Biomass is derived from organic material such as trees, plants, and agricultural and urban waste. It can be used for heating, electricity generation, and transport fuels. Increasing the use of biomass in the EU can help diversify Europe's energy supply, create growth and jobs, and lower greenhouse gas emissions. It is also needed in the electricity production to balance variable renewables.

Biomass for energy (bioenergy) continues to be the main source of renewable energy in the EU, with a share of almost 60%. The heating and cooling sector is the largest end-user, using about 75% of all bioenergy. More facts and key messages are available in the “Brief on biomass for energy in the EU” (2019).

EU rules on sustainable biomass

For biomass to be effective at reducing greenhouse gas emissions, it must be produced in a sustainable way.

Biomass production involves a chain of activities ranging from the growing of feedstock to final energy conversion. Each step along the way can pose different sustainability challenges that need to be managed.

Biomass in the Renewable Energy Directive

To count towards the renewables targets, or to be eligible for subsidies by EU countries, renewable energy sourced from biomass needs to fulfil sustainability criteria. The recast Renewable Energy Directive 2018/2001 extends sustainability criteria to cover also large-scale biomass for heat and power, in addition to biofuels and bioliquids for transport,  It also adds new criteria for

  • agriculture waste and residues, requiring evidence of the protection of soil quality and soil carbon, and for agriculture biomass, requiring evidence that the raw material is not sourced from highly biodiverse forests
  • forest biomass, requiring bioenergy generators to demonstrate that the country of origin has laws in place a) avoiding the risk of unsustainable harvesting and b) accounting of emissions from forest harvesting. If such evidence cannot be provided, bioenergy generators need to demonstrate sustainability compliance at the level of the biomass sourcing area.
  • new biofuels plants need to deliver at least 65% fewer direct greenhouse gas (GHG) emissions than the fossil fuel alternative. New biomass-based heat and power plants need to deliver at least 70% (80% in 2026) fewer GHG emissions than the fossil fuel alternative
  • bioelectricity, requiring that large scale plants (above 50 MW) apply highly efficient cogeneration technology, or apply Best Available Techniques (BAT) or achieve 36% efficiency (for plants above 100 MW-), or use carbon capture and storage technology

These criteria are being implemented by EU countries, who were obliged to transpose the directive at the latest by end of June 2021. They can introduce more stringent sustainability criteria.

The criteria are complementary to the safeguards set out by EU climate and environmental legislation, in particular by the Regulation on Land Use, Land Use Change and Forestry 2018/841 (LULUCF). The regulation makes sure that all sectors contribute to the EU's 2030 emission reduction target, including the land use sector.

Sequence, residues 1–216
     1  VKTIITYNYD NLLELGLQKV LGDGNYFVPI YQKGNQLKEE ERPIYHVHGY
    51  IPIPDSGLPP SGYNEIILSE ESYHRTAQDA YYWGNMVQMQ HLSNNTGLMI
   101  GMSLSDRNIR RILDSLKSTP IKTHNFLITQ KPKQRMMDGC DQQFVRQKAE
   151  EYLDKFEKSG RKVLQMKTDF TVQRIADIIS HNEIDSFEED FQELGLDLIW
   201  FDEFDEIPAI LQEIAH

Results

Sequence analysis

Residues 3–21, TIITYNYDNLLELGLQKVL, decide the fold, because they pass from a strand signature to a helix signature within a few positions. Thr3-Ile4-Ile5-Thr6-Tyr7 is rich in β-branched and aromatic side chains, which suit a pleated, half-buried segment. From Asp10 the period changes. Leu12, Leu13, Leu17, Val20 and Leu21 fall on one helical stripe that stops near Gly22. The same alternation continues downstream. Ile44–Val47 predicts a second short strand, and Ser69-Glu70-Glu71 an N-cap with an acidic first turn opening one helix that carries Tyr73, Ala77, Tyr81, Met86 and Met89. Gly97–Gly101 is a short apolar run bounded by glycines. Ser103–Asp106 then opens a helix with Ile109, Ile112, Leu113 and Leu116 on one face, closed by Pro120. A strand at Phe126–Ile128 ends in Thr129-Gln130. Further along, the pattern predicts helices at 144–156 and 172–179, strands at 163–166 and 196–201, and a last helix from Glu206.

The Commission’s proposal (2021) to revise the Renewable Energy Directive promotes a gradual shift away from conventional biofuels to advanced biofuels (mainly produced from non-recyclable waste and residues) and other alternative renewable fuels (e-fuels). The EU’s Biodiversity Strategy for 2030 considers that this approach should continue for all forms of bioenergy, and the use of whole trees and food and feed crops for energy production – whether produced in the EU or imported – should be minimised.

Implementing Act on guidance for EU countries

The Commission is currently finalising an Implementing Act providing uniform conditions for implementation of the revised directive’ sustainability criteria for forest biomass.

The draft Implementing Act was subject to a 4-week public feedback period in April 2021 to gather views of all stakeholders. The act is currently with the responsible Comitology Committee and should be finalised in the second half of 2021.

Strengthened sustainability criteria for biofuels, bioliquids and biomass fuels

As announced in the European Green Deal, the Commission has proposed a revision of the Renewable Energy Directive. It includes a further targeted strengthening of the biomass sustainability criteria and will take up recommendations of the report “The use of woody biomass for energy production in the EU”, by the Commission’s Joint Research Centre.

The revised directive includes the extension of no-go areas for forest biomass to protect in particular primary and old-grown forests, as well as wet- and peatland. It also requires to avoid the use of roots and stumps and to minimise large clear-cuts. The proposed rules introduce an obligation on EU countries to design their national support schemes in accordance with the biomass cascading principle whereby woody biomass is used according to its highest economic and environmental added value.


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